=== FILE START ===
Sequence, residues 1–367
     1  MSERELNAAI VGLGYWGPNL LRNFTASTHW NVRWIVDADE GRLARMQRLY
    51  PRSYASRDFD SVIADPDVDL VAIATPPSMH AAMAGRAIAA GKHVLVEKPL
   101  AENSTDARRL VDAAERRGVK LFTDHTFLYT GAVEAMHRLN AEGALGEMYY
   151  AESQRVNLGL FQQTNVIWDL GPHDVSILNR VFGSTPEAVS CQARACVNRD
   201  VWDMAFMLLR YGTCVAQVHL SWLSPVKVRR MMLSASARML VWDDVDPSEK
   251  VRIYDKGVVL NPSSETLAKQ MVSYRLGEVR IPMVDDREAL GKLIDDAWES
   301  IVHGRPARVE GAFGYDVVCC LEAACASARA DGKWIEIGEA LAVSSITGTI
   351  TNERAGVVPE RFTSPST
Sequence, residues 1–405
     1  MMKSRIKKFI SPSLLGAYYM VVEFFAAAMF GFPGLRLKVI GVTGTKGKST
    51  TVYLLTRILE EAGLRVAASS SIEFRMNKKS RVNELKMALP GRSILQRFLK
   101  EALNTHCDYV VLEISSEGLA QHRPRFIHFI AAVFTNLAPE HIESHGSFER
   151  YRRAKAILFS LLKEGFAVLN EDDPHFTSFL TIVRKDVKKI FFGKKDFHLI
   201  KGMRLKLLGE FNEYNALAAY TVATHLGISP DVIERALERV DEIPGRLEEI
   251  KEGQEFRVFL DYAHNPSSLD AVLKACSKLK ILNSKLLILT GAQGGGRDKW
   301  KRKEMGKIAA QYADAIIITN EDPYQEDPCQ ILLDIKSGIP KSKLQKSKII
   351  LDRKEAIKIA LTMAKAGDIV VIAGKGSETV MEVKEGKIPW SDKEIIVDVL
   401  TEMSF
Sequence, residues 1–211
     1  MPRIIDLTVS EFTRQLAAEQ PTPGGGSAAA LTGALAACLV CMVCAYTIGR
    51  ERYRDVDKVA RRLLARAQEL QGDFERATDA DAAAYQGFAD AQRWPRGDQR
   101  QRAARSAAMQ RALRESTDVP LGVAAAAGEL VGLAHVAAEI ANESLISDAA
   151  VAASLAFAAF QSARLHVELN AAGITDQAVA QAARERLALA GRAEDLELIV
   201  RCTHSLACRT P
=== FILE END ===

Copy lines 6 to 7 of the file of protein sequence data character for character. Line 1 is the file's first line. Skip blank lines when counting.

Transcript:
   201  VWDMAFMLLR YGTCVAQVHL SWLSPVKVRR MMLSASARML VWDDVDPSEK
   251  VRIYDKGVVL NPSSETLAKQ MVSYRLGEVR IPMVDDREAL GKLIDDAWES